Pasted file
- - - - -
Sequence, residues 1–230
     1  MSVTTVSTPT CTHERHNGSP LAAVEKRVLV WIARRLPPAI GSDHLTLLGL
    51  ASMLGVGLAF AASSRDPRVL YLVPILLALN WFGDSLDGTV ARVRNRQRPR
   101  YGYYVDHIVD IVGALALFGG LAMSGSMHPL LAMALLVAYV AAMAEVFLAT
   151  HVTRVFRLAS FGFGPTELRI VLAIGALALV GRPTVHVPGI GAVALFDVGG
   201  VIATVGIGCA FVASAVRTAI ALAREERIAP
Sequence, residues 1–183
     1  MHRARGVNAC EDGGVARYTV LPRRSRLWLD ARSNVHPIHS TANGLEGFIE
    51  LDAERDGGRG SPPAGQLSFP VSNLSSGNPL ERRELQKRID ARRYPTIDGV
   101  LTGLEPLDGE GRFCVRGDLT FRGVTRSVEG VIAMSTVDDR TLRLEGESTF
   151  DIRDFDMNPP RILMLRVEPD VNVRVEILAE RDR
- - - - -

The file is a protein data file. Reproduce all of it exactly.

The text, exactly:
Sequence, residues 1–230
     1  MSVTTVSTPT CTHERHNGSP LAAVEKRVLV WIARRLPPAI GSDHLTLLGL
    51  ASMLGVGLAF AASSRDPRVL YLVPILLALN WFGDSLDGTV ARVRNRQRPR
   101  YGYYVDHIVD IVGALALFGG LAMSGSMHPL LAMALLVAYV AAMAEVFLAT
   151  HVTRVFRLAS FGFGPTELRI VLAIGALALV GRPTVHVPGI GAVALFDVGG
   201  VIATVGIGCA FVASAVRTAI ALAREERIAP
Sequence, residues 1–183
     1  MHRARGVNAC EDGGVARYTV LPRRSRLWLD ARSNVHPIHS TANGLEGFIE
    51  LDAERDGGRG SPPAGQLSFP VSNLSSGNPL ERRELQKRID ARRYPTIDGV
   101  LTGLEPLDGE GRFCVRGDLT FRGVTRSVEG VIAMSTVDDR TLRLEGESTF
   151  DIRDFDMNPP RILMLRVEPD VNVRVEILAE RDR